One of  the key properties Islamic science tradition has is freedom of thought. Scholars receiving ijazat (diploma) from their teachers in this tradition do not become a repeater of their own teachers; on the contrary, they  state their opinions upon matters they face. Establishing such an environment requires  toleration of different opinions. The students of scholars at highest level in science of fiqh made different ijtihads (juridical interpretations) from their masters. That is to say, they did not hesitate to declare when they drew conclusions that were different from the conclusions their masters came to. Ahmad Faruq al-Sarhandi (d. 1624), a great Indian scholar in kalam and tasawwuf and known as Imam Rabbani, explains this in one of his letters [4]: “After reaching the level of ijtihad, it is not correct that Imam Abu Yusuf follows Imam al-Azam Abu Hanifa. It is correct that Imam Abu Yusuf acts upon his own opinion and does not follow  Imam al-Azam. Imam Abu Yusuf famously said 'I argued with Imam Abu Hanife about whether al-Quran was created or not for six months'. Progress in professions is obtained by adding thoughts together. If it depended only on one thought, there would not be any progress. Since Sibawayh's (d. 796) book, namely al-Kitab, on the Arabic syntax, the amount of knowledge on the syntax has increased a hundredfold because of the new innovations and thoughts added to the knowledge of nahw (Arabic syntax). But, the person who formed the basis of the Arabic syntax is Sibawayh. The superiority therefore belongs to him. While the most superior in a science is its founder, the honor to increase a science belongs to successors”. An Ottoman countryside scholar Imam Birgiwi was able to stringently criticize Ottoman shaykh al-Islam Ebussuud Efendi because he gave a fatwa related to the validity of cash waqfs (charity foundations). This freedom of thought in the religious sciences can be easily observed in other sciences.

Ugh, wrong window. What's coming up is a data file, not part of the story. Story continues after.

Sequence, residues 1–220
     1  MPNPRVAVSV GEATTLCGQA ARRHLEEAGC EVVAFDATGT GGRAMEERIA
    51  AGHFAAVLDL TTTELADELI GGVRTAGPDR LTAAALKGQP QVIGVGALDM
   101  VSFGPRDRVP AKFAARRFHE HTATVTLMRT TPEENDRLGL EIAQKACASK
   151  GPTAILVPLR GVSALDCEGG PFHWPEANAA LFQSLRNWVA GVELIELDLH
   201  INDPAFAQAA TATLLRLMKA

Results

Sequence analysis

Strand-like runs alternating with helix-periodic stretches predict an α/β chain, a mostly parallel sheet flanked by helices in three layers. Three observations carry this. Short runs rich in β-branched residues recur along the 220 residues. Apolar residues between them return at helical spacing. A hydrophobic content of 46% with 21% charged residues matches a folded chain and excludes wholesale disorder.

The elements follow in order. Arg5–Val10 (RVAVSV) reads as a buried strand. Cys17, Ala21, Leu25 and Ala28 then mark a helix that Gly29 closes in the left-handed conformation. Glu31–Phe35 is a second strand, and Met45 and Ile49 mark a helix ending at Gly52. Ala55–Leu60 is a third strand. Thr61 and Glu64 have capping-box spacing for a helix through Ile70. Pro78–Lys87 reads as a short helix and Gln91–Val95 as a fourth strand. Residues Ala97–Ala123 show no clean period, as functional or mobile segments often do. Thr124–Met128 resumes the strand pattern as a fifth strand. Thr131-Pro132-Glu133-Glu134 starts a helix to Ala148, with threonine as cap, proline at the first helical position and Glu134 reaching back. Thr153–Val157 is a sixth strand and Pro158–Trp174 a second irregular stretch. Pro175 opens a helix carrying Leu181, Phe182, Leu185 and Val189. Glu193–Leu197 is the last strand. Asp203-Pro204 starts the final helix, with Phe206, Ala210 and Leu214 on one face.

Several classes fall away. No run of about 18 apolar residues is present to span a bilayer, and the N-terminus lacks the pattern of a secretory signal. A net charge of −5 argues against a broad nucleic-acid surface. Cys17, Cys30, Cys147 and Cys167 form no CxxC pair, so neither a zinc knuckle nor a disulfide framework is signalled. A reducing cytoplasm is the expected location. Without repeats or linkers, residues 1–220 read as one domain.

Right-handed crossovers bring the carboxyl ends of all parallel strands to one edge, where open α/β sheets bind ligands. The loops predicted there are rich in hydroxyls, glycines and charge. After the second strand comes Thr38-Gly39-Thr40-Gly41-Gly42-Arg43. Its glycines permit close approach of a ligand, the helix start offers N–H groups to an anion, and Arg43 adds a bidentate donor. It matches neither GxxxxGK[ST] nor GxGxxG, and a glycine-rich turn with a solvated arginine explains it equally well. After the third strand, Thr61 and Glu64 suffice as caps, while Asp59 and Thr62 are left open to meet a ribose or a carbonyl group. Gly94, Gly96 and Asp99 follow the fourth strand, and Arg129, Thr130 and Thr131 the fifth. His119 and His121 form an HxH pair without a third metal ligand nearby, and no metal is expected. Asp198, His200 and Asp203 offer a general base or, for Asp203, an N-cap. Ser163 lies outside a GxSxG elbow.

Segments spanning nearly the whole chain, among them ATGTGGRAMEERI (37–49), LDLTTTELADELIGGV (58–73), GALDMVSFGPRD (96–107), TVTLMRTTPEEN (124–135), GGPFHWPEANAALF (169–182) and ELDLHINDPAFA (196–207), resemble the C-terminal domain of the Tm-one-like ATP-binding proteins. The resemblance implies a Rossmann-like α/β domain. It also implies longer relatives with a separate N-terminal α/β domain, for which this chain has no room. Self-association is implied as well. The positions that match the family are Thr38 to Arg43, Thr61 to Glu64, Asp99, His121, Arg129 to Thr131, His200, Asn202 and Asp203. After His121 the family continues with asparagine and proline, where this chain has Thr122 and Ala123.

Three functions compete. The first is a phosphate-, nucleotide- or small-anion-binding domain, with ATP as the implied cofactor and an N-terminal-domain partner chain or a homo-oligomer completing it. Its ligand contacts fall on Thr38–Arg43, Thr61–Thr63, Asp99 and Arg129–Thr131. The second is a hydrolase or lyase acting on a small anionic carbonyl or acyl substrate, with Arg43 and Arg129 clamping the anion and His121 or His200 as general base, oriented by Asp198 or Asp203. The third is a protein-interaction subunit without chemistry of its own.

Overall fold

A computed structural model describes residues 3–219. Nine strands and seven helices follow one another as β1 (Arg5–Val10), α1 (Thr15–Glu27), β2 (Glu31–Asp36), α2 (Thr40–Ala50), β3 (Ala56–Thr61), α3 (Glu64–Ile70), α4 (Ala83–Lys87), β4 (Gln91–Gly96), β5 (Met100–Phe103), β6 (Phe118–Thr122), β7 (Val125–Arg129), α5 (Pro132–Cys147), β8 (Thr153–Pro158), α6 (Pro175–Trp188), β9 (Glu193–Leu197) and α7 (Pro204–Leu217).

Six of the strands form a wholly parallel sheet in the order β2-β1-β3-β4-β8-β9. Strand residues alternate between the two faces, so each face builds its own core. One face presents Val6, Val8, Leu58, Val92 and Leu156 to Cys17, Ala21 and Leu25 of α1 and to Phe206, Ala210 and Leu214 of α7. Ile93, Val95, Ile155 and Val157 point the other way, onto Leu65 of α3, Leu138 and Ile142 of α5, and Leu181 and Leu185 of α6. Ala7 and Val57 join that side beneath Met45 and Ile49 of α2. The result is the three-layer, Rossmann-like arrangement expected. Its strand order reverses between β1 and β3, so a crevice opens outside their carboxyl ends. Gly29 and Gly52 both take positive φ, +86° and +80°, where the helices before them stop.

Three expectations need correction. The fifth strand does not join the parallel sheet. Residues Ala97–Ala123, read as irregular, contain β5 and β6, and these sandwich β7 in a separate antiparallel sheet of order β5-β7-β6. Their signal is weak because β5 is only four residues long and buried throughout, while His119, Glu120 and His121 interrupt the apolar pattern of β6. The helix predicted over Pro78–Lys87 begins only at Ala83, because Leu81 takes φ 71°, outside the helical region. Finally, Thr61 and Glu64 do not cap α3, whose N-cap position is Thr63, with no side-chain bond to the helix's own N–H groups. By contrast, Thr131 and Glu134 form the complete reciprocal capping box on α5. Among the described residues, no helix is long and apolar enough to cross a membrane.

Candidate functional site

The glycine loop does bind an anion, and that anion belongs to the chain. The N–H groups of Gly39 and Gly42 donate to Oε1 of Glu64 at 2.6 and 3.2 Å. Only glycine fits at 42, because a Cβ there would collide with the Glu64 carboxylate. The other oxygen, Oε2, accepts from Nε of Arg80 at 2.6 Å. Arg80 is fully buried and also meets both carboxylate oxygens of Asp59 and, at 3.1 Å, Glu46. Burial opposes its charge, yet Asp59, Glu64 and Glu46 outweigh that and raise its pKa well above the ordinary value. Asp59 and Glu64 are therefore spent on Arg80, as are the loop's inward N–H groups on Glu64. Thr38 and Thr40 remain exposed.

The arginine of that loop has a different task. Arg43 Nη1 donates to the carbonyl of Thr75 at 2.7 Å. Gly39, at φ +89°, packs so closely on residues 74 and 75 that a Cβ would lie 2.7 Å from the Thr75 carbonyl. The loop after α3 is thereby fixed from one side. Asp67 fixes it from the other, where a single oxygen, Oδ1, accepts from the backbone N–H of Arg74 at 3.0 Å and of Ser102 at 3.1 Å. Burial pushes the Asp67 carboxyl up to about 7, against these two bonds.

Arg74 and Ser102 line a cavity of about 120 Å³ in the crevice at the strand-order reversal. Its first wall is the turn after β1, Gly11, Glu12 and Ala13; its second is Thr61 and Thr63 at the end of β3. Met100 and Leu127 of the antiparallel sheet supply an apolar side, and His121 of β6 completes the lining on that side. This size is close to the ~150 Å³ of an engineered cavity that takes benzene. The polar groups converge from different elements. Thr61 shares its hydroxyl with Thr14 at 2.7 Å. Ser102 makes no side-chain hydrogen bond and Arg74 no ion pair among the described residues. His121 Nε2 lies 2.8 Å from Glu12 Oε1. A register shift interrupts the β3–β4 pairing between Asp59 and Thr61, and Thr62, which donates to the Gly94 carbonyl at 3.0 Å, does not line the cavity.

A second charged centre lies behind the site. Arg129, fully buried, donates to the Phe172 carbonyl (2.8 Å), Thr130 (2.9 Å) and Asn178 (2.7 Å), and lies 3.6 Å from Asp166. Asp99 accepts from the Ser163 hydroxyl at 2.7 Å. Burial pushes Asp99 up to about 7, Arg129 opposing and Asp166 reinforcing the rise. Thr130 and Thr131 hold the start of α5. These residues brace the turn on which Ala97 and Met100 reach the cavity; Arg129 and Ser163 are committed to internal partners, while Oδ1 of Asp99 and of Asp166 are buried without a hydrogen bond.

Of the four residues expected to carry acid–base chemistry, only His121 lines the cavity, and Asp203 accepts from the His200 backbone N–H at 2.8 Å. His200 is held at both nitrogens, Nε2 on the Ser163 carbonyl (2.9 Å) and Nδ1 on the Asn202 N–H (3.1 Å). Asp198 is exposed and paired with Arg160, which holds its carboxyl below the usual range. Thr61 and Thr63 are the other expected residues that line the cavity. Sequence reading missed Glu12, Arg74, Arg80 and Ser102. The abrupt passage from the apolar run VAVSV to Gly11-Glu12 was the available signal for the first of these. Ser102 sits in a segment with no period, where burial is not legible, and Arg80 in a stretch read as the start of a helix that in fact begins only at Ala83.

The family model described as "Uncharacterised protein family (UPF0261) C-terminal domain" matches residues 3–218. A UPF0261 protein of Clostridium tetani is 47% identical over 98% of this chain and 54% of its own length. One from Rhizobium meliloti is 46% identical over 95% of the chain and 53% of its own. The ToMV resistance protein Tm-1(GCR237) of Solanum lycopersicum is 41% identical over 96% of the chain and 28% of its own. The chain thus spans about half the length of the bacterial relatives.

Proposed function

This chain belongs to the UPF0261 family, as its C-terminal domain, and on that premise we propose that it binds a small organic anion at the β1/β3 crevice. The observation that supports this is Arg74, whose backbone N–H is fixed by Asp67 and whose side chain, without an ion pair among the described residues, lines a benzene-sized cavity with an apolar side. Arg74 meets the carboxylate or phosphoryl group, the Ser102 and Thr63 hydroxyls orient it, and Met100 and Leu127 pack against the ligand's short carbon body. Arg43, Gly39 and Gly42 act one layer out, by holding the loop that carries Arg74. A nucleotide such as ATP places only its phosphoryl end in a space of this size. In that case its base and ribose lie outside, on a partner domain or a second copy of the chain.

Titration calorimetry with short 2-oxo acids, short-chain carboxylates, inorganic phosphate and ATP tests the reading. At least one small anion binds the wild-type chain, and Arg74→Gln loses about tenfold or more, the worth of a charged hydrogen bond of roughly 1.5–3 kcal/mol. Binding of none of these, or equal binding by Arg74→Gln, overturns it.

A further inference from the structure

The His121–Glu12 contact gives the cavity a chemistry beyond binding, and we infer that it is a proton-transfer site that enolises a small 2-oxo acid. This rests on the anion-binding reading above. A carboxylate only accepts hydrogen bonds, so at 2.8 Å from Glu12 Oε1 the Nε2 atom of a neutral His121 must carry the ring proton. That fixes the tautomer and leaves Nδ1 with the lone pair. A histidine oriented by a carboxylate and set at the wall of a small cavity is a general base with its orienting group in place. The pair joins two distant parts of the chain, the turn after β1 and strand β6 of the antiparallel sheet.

Both tenets of creed (itiqad) and religious practices (amal) in Islam have made contributions to natural and applied sciences as well as social sciences. A creedal tenet in Islam, “The future is only known by God”, caused the separation of astronomy and astrology, hence freed astronomy from superstitions. Qadi Abu Bakr al-Baqillani (d. 1013), a theologian belonging to al-Ashari school, made a clear distinction between astronomy and astrology - until his time these two disciplines were interfered with each other - rejected astrology, and opposed astrologers [5]. Similarly Imam al-Ghazali (d. 1111) states in his book, Ihyau Ulum al-Din (the Revivification of the Religious Sciences), that knowledge is not bad per se and it can be discredited only due to one of three reasons. The second among them is that “a science is usually discredited because of its harm to the owner, such as ilm al-nujum (the science of the stars), which cannot completely be discredited per se because it is divided into two separate parts. The non-discredited part pertains to calculation. The Quran says that “the sun and the moon are running on their courses with a reckoning” or “The sun and the moon are made to a reckoning” ('al-shamsu wa al-qamaru bi husban', Rahman/5). The Quran again says that  “And for the moon We have appointed mansions till it becomes an old shriveled palm leaf” ('wa al-qamaru qaddarnahu manazila hatta aada ka al-urjuni al-qadim', Yasin/39). The discredited part of the science of the stars is concerned with judgment from the stars for the future. The religion has criticized it. … The Prophet Muhammad said, “After me, I am afraid for my ummah (the Muslim community) about three things: Cruelty of the rulers,  believing in nujum, rejecting qadar (Allahu taala's Eternal Will for the existing of something or predestination)” (Ibn Abdilberr from Abu Mihjan). [To discuss one of the early misconceptions in the history of science literature, I deliberately chose the above-mentioned scholars from the Ashari school (one of the schools of the theology in Islam). The orientalists, such as Edward Sachau and George Sarton, claimed that the Islamic scholars, especially those from the Ashari school, hindered the scientific progress in the Islamic world. The recent studies in the history of science have been showing that these claims do not reflect the truth.] From the point of view of amal (religious practices), Islam wants the believers to perform the prayer five times a day, fast and sacrifice an animal in a specified time. For instance, taking the prayer (salat) into consideration, determination of qibla (the direction of Kaaba in Makka) and prayer times led to the intensive studies on astronomy, hence mathematics and geometry in the Islamic civilization. Medicine has an important position in both ilm al-hadith (science of the Prophetic sayings) and ilm al-fiqh (science of Islamic law). In ilm al-hadith, the prohpetic sayings related to medicine were gathered together under the title of al-Tibb al-Nabawi (the Medicine of the Prophet). Because the Islamic law manages the every aspect of a human life, this science benefits also from medicine. Imam al-Ghazali complains about Muslims' lack of interest in medicine in some regions. He states in his book Ihya, “There are many regions in which the physicians are zimmi (literally those who are protected / the non-Muslim citizen in a Islamic state)” [7]. The following saying also declares the importance of medicine [8]: “There are two sciences: the science of body and the science of religion – 'al-ilmi ilman: ilmu al-abdan wa ilmu al-adyan'” [9].